destined by Providence to be the witness of the punishment of those
white men who tore away from their homes himself and his brethren. He
alone will carry back to his country the truth of Heaven's retribution,
and heal the wounded feelings of broken kindred with the recital of it.

The pirates now entered freely into their villainous pursuit, and
plundered many vessels; amongst others was an American brig, the
treatment of which forms the _chef d'oeuvre_ of their atrocity. Having
taken out of this brig all the valuables they could find, they hatched
down all hands to the hold, except a black man, who was allowed to
remain on deck for the special purpose of affording in his torture an
amusing exhibition to Soto and his gang. They set fire to the brig, then
lay to, to observe the progress of the flames; and as the miserable
African bounded from rope to rope, now climbing to the mast head--now
clinging to the shrouds--now leaping to one part of the vessel, and now
to another,--their enjoyment seemed raised to its heighest pitch. At
length the hatches opened to the devouring element, the tortured victim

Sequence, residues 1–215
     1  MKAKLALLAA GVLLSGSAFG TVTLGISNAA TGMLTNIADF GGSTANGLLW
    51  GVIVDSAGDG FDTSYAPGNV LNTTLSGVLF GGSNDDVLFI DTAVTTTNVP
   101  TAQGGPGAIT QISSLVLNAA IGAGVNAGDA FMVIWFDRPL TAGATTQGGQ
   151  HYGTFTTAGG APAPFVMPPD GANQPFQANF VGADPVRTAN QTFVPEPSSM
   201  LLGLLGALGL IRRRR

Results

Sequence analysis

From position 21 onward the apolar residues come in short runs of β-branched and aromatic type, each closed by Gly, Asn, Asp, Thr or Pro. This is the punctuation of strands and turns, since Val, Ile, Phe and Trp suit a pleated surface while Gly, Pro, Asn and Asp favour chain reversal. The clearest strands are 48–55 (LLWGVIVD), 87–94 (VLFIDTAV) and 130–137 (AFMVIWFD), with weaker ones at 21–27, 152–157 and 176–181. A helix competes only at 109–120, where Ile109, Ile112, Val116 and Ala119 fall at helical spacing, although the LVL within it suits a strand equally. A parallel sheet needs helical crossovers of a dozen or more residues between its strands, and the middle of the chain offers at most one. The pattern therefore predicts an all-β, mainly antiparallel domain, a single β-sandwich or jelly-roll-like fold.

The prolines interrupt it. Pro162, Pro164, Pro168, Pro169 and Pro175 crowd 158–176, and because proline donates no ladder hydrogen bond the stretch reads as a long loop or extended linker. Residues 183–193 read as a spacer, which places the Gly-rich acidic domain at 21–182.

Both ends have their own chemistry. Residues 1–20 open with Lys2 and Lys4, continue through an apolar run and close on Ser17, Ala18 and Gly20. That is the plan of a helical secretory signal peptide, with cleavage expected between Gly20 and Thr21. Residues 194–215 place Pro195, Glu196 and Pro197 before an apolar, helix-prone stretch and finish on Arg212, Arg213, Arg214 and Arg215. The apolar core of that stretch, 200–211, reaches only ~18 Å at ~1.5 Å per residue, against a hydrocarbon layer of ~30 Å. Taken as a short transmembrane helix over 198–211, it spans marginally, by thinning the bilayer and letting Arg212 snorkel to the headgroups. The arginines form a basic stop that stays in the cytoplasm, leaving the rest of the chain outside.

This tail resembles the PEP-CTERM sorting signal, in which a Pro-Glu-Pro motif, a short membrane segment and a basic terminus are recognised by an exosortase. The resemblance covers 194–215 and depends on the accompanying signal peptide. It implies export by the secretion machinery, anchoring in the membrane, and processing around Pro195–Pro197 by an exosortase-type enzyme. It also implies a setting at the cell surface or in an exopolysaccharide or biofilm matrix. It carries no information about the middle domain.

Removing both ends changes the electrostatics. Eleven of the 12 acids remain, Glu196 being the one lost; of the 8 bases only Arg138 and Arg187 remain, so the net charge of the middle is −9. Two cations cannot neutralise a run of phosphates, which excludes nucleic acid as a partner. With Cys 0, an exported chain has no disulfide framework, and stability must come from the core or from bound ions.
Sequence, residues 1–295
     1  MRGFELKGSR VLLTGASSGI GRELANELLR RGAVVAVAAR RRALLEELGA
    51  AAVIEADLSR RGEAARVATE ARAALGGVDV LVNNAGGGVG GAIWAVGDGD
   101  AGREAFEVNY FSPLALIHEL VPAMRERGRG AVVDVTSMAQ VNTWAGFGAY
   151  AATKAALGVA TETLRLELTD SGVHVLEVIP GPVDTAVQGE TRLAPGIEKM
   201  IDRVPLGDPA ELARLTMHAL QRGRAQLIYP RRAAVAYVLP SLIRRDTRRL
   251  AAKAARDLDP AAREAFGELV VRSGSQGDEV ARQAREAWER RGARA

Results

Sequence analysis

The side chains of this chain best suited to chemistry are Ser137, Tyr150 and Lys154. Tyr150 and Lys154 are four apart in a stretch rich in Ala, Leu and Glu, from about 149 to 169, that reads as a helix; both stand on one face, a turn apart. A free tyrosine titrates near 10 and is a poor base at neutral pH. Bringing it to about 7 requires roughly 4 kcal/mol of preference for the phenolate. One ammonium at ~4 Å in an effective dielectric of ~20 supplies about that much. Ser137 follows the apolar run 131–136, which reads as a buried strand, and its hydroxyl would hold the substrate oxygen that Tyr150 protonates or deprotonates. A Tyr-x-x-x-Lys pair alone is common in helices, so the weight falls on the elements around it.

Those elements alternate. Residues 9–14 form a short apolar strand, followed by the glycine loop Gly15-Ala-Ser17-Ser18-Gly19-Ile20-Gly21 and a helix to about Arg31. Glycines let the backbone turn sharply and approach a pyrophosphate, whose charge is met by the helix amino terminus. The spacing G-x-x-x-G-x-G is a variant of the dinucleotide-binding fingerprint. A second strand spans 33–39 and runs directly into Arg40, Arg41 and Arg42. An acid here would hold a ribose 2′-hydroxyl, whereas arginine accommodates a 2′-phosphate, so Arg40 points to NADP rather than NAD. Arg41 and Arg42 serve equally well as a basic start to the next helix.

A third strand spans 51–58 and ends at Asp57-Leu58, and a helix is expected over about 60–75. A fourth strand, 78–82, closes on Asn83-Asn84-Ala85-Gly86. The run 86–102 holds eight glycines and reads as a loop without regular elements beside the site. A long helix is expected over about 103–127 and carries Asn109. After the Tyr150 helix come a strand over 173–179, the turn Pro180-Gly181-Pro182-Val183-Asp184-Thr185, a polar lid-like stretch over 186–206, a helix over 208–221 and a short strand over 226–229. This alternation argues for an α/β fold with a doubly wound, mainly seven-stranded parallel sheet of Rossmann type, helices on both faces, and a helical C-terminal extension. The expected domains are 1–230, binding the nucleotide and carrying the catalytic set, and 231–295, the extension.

of their fiendish cruelty fell exhausted into the flames, and the horrid
and revolting scene closed amidst the shouts of the miscreants who had
caused it.

Of their other exploits, that which ranks next in turpitude, and which
led to their overthrow, was the piracy of the Morning Star. They fell in
with that vessel near the island Ascension, in the year 1828, as she was
on her voyage from Ceylon to England. This vessel, besides a valuable
cargo, had on board several passengers, consisting of a major and his
wife, an assistant surgeon, two civilians, about five and twenty invalid
soldiers, and three or four of their wives. As soon as Benito de Soto
perceived the ship, which was at daylight on the 21st of February, he
called up all hands, and prepared for attacking her; he was at the time
steering on an opposite course to that of the Morning Star. On